Why Dutch Golden Age Portraitists Loved Painting Exaggerated Facial Expressions

A new show spotlights how artists Rembrandt and Vermeer made faces come to life with expressive character.

Joos van Craesbeeck, The Smoker (1630-1640) (detail). Photo courtesy of Musée du Louvre.

Early Netherlandish painters of the 1400s pioneered portraits as highly detailed, distinctive records of an individual. Two centuries later, artists of the Dutch Golden Age made these faces come alive with an expressive, characterful twist. This genre of smirks, pouts, glowers, and gapes was dubbed the “tronies.”

“Turning Heads,” a survey of “tronies” that features works by world famous Old Master painters like Rembrandt van Rijn, Peter Paul Rubens, and Johannes Vermeer, recently opened at the National Gallery of Ireland in Dublin. Some examples of the genre that will be familiar with audiences include Rembrandt’s The Laughing Man (1629–30) and Vermeer’s Girl with the Red Hat (ca. 1665–67).

 "Girl with a Red Hat" is a renowned painting by the Dutch artist Johannes Vermeer, believed to have been created around 1665. In this masterpiece, a young girl is depicted wearing a striking red hat adorned with a delicate white feather. Her face is illuminated softly by light, and she gazes directly at the viewer with a serene expression. The background is a dark, neutral tone, emphasizing the vividness of the girl's attire and her captivating presence. Vermeer's meticulous attention to detail and his skillful use of light and shadow contribute to the overall charm and allure of the painting.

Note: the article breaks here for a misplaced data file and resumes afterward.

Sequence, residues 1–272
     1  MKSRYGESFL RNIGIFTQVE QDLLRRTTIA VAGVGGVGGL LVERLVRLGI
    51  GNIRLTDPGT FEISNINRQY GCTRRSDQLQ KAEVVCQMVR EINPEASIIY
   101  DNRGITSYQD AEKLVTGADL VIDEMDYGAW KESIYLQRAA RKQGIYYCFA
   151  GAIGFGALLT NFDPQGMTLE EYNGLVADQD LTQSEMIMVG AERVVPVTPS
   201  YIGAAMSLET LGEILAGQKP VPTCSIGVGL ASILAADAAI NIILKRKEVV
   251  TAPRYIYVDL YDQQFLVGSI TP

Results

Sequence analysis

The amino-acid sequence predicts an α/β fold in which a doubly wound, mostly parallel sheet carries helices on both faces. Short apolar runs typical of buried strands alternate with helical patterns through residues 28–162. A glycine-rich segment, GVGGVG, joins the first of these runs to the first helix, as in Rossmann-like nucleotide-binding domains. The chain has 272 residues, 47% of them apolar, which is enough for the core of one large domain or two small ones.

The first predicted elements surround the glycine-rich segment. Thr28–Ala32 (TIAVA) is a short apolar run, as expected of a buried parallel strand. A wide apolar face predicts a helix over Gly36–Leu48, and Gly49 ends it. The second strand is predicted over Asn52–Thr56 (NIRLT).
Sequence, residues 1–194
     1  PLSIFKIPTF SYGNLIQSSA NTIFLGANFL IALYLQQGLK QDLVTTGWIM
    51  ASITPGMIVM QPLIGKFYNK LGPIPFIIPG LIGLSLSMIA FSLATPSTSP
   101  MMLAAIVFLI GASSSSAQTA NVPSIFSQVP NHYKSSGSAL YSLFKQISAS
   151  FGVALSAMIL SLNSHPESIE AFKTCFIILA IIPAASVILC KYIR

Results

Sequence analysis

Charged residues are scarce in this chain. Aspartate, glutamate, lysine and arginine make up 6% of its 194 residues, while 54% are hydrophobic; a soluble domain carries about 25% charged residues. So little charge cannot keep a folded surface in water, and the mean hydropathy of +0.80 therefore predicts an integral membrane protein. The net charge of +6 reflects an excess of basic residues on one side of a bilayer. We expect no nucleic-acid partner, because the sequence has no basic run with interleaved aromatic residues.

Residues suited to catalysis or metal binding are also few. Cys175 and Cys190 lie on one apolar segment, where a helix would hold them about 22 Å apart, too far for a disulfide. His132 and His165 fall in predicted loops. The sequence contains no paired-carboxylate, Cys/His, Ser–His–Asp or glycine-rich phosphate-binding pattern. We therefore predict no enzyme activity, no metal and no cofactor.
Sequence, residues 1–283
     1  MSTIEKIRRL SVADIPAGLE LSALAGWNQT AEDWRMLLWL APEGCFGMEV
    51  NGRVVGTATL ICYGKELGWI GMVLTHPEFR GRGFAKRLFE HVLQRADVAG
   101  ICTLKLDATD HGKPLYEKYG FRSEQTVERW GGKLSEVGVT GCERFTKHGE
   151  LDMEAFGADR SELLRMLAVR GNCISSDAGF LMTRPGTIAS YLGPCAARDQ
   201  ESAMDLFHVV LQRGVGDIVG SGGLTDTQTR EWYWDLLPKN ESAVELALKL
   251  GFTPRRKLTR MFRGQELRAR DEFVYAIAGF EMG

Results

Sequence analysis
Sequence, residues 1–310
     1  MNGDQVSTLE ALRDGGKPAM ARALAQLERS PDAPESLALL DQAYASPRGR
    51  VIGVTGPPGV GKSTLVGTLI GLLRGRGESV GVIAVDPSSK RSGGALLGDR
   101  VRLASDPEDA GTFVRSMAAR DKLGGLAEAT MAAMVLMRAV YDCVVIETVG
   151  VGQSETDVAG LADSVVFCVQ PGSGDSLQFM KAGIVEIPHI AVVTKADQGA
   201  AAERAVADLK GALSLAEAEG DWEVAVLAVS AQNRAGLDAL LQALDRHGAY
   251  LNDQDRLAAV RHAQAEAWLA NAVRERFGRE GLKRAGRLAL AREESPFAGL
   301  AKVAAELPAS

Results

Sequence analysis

Johannes Vermeer, Girl with a Red Hat (ca. 1665–67). Courtesy of the National Gallery of Art, Washington.

This small jewel painted on panel from Vermeer’s limited oeuvre has a particularly spontaneous air, as though the subject has turned with surprise to see us enter the room. Though no amount of ravishing detail is spared on the rich textures of the woman’s hat and shawl, her face stands out for its strikingly lifelike, everywoman familiarity.

 "The Man with the Golden Helmet" is a painting often attributed to the "Circle of Rembrandt van Rijn," indicating that it was created by an artist or artists closely associated with Rembrandt but not necessarily by Rembrandt himself. The painting depicts a half-length portrait of a man wearing a golden helmet, hence the title. The man's gaze is directed towards the viewer, and his expression is thoughtful and contemplative. The helmet, with its golden hue, catches the light, adding a sense of richness and opulence to the scene. The background is dark, allowing the figure to stand out prominently.

Circle of Rembrandt van Rijn, The Man with the Golden Helmet (ca. 1650). Courtesy of Gemäldegalerie Berlin.

Rather than rely on descriptive documents of a specific sitter that may or may not be saved for posterity, intimate studies of human subjects could be used to capture fleeting interior states with universal resonance. The private contemplation tinged with anguish on this elder man’s face provides an interesting counterpoint to the obviously impressive glimmering gold of his helmet.